Automating Australia's wine industry with compressed air

Pulford Air & Gas

Thursday, 15 November, 2018


Automating Australia's wine industry with compressed air

Air-compressor manufacturer ELGi Equipments has been helping winemakers in India increase their process quality and speed with pneumatic equipment powered by compressed air, and these successes can be applied to Australia.

Australia is the fourth-largest producer of wine in the world, and while India is relatively new to wine growing, it has recently taken big strides in wine production. Sula Wines has created a strong brand in the Indian market, operating two wineries in Karnataka and Maharashtra with a total capacity of 12 million litres, and selling over 20 varieties of wines.

Automation is taking over the wine industry, helping improve process quality, reduce waste, increase productivity, cut costs and minimise incidents of human error. Winemaking involves five major stages — harvesting, crushing and pressing, fermentation, clarification, and ageing and bottling — and compressed air has applications in all stages.

Tom Fyfe, President of ELGi Australia, said that many vineyards have replaced hand-picking grapes with machine harvesters.

“The harvested grapes are sorted and then taken to the winery where they are de-stemmed and crushed with the help of pneumatic equipment.

“Filling machines are also powered by pneumatic valves with compressed air to lift the bottle and fill it to the desired limit. The filled bottles are then transported through a conveyor belt to another section where the bottle caps are closed through a pneumatic operation,” he explained.

In the case of sparkling wines, compressed air is used to wrap the foil cover over the cap of the bottle. The last process involves labelling the bottle in which compressed air is used to stick the labels onto the bottles.

Fyfe explained that Sula in India makes use of either fully or semi-automated pressing and crushing and bottling processes.

“Compressed air helps Sula maintain the quality and speed of production to meet the demands of a growing business,” he said. “Sula has been using ELGi screw compressors for the past 15 years for these operations, and the team says that the quality is critical to their operations.”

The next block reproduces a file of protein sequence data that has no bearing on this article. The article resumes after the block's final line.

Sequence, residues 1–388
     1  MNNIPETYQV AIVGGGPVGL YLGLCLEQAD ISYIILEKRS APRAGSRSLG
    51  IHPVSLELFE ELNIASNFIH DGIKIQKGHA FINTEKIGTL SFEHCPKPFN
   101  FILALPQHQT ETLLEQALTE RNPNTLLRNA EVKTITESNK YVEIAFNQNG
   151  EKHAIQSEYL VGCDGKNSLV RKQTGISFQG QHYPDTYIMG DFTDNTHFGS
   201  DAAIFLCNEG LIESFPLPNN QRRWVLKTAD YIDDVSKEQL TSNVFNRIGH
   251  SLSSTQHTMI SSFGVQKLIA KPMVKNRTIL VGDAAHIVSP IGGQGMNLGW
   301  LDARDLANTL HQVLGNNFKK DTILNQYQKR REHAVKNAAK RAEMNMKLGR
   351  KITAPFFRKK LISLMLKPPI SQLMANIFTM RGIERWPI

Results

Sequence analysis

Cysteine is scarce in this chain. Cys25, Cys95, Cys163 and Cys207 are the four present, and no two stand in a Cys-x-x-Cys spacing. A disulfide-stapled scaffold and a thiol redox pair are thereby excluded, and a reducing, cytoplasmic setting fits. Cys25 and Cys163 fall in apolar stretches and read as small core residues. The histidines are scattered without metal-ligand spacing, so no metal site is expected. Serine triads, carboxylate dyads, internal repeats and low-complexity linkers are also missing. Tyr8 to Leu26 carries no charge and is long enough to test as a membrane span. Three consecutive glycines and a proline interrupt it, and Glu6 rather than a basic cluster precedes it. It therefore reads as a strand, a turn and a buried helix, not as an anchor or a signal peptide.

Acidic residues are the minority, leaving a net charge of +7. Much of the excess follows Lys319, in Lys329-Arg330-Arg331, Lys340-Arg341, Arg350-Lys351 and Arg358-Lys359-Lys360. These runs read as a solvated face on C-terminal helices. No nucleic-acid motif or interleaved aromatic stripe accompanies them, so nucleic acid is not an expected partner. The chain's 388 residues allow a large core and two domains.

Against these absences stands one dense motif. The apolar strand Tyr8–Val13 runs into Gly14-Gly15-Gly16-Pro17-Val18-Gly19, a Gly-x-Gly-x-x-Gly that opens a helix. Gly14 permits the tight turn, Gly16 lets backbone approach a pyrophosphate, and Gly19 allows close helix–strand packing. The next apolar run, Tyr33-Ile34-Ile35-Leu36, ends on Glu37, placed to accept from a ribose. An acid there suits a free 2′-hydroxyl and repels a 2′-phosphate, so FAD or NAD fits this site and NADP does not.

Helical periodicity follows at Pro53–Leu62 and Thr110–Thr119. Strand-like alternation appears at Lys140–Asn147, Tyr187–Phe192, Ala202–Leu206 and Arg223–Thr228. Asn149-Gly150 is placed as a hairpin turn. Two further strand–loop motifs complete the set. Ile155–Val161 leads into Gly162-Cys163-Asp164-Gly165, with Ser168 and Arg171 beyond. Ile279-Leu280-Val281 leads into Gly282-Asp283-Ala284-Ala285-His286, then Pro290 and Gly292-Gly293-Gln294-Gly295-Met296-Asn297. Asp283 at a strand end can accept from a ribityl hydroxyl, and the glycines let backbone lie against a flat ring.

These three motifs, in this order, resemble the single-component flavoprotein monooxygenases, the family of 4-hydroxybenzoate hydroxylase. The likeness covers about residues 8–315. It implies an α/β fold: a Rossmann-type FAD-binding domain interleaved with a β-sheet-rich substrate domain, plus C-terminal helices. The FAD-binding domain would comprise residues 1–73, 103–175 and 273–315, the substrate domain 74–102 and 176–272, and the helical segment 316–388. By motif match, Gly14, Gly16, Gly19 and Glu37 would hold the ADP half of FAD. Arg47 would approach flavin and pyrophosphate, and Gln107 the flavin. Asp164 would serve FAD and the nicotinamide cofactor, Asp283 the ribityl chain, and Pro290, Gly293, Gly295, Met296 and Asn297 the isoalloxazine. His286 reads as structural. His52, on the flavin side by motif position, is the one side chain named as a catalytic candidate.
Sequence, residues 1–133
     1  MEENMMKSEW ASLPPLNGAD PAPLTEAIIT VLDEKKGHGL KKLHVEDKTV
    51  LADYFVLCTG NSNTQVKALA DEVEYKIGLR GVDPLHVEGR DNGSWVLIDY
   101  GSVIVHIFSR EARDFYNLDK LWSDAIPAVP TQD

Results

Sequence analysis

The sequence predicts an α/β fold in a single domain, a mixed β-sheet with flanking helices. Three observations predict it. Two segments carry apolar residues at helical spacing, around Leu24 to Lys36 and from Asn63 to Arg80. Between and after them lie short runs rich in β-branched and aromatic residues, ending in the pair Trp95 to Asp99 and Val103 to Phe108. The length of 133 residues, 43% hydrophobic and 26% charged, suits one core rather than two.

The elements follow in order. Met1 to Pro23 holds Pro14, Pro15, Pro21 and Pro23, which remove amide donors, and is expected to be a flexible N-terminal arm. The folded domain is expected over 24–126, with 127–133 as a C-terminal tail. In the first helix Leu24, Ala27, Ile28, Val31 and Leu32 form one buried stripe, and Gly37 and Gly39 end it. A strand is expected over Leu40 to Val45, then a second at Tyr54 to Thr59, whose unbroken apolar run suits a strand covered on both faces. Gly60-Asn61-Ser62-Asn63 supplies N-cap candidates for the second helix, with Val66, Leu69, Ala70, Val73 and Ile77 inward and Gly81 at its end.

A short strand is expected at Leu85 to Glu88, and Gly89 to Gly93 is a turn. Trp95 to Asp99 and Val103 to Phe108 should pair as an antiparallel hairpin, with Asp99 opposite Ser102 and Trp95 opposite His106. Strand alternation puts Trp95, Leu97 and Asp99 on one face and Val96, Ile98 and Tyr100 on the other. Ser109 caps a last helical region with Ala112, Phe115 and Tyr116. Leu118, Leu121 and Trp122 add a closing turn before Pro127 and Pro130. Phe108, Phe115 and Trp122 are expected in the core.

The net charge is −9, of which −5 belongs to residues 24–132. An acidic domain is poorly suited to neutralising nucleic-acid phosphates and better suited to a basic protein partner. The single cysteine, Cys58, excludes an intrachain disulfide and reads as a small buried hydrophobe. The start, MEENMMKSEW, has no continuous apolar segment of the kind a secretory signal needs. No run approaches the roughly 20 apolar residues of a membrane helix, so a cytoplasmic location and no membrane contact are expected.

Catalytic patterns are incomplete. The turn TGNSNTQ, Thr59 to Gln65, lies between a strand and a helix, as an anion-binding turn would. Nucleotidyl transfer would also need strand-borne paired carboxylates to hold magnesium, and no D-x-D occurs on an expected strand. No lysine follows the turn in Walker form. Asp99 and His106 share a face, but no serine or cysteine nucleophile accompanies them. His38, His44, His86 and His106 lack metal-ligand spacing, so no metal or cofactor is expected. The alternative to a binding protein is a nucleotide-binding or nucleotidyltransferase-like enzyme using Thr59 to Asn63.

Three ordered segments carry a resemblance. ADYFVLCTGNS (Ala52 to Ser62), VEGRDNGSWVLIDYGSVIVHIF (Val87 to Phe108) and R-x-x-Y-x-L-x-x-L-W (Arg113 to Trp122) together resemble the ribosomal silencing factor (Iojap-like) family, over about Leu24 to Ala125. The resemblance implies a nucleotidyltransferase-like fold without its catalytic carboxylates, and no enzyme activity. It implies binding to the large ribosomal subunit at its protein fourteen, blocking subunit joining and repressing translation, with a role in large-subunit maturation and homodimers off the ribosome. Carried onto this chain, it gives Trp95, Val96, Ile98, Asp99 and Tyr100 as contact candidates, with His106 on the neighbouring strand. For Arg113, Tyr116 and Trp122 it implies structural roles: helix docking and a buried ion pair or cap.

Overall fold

If there is any remnant of oil in the compressed air, it will affect the quality of the product; if there is any moisture in the compressed air, the blower used for labelling will not work efficiently.

“The ELGi screw compressors at the Sula wineries have extremely low oil carryover, and are fitted with oil filters to ensure there is no oil particles in the compressed air line,” Fyfe said.

According to ELGi, the customer representative from Sula said ELGi compressors have helped the company “speed up production, minimise waste and ensure we get the same quality product in every batch of wine we produce at the winery”.

Fyfe said Australia reportedly exports “approximately 750 million litres a year to the international export market with only about 40% of production consumed domestically. To keep up with the demand, processes must be automated and what better way to ensure accuracy and speed than with air?”

The company’s recent acquisition of Australia’s FR Pulford & Son, along with its wholly owned subsidiary Advanced Air Compressors, means it is well positioned to service the Australian market. Fyfe concluded: “Our compressed air and on-site nitrogen generation is well known in Australia.”

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